Young Mr. Lincoln Screen 8 articles

Young Mr. Lincoln

1939

Young Mr. Lincoln Poster
  • Young Mr. Lincoln’s legal wrangling is, especially from today’s perspective, more than a little cornball and, from a procedural standpoint, twice as implausible. Yet Ford justifies this material by so endearingly lionizing his protagonist. Repeatedly framing Fonda as a towering figure of casual confidence and righteousness—his body seems to loom over everyone else—the film visually accentuates the future president’s unimpeachable virtue.

  • If Ford’s Lincoln exhibits at once a radiant sincerity and the devious subtlety of a trickster, he is to that extent the director’s mirror image... The myth of the Great Man is subverted by presenting a hero who has not yet become himself, who is all the more admirable for still being in a state of pure potentiality. The film radiates a youthful joy, while at the same time insistently implying that the hero’s destiny will necessarily mean the loss of all joy.

  • The openness and vulnerability of this Carrie Sue [in the scene where she curtsies to Lincoln] bursts the screen. A single shot plays like a ballet and in eight seconds I find myself physically immersed in the manners and formalities of a culture. This is what’s special about John Ford and at the heart of this movie: how people are connected.

  • Although Lamar Trotti’s screenplay occasionally telegraphs its subject’s solemn and dark future rather too overtly, Ford’s direction remains sure from lyrical start to foreboding end. Particularly striking is how seamlessly he puts each stage of Lincoln’s youthful journey into bold visual terms, from his gauzily lighted pastoral years strolling along a riverbank to the proto-noir terrors of his small-town battle against a violent mob, a nightmarish foreshadowing of fights to come.

  • Ford is walking a thin line between heavy-handed mythologizing and punctuating a sense of historical foreshadowing and inevitability. Of course, he succeeds and creates a tension that falls between a near-parody of the Lincoln myth and a grandeur that hints at the larger historical events to come that dwarf even Lincoln. Ford had reached a union of style and vision which itself foreshadowed things to come.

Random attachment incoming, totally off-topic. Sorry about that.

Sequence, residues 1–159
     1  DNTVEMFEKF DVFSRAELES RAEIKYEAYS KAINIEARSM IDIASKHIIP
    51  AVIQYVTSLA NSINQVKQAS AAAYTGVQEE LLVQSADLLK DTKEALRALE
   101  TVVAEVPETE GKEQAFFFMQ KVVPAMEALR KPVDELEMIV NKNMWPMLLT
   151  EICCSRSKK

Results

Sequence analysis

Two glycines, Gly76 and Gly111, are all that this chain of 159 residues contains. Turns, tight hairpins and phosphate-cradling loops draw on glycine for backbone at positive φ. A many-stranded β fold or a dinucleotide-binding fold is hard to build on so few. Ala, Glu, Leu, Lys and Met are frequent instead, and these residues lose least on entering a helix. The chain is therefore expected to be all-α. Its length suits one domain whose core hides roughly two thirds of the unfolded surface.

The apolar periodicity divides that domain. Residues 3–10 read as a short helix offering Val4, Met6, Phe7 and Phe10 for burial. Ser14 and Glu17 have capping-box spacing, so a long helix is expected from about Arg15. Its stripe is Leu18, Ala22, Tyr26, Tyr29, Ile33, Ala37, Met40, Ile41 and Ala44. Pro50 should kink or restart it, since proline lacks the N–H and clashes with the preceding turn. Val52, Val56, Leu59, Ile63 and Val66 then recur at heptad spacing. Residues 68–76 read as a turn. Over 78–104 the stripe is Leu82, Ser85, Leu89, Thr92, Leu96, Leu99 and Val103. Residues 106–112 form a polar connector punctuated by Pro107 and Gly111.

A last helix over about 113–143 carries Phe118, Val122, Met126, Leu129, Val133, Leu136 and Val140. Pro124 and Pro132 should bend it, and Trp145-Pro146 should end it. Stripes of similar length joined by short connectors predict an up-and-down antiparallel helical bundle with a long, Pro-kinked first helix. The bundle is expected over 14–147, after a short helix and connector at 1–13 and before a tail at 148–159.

• An ingeniously tight-focused yet historically resonant view of the future President’s rise to prominence... Perhaps no filmmaker bore the burden of historical consciousness as deeply, as seriously, and as humanly as Ford did; his “friendship” with Lincoln had a firm artistic basis.

  • Ford isolates Lincoln in the frame, emphasizing both his awkward shuffle toward crowd-pleaser and his eventual separation from others through the power of status and myth. It is an impossible film to pin down, cutting so harshly from the idyllic blossoming of romance on a riverbank to the young lad visiting the young girl's grave that winter, the river now cruel and biting.

  • Lamar Trotti's screenplay is full of witty, resonant bits of Americana, which Ford lends an earthy and corporeal tactility as well as an unpretentious sense of exaltation. One never feels Ford striving for iconography, as his deep and coherent compositions appear to be carved in wood. Poetry is clarity, and few filmmakers have ever known that as fully as Ford did. In Young Mr. Lincoln, Ford considered a legend and saw in him everything America is and could be.

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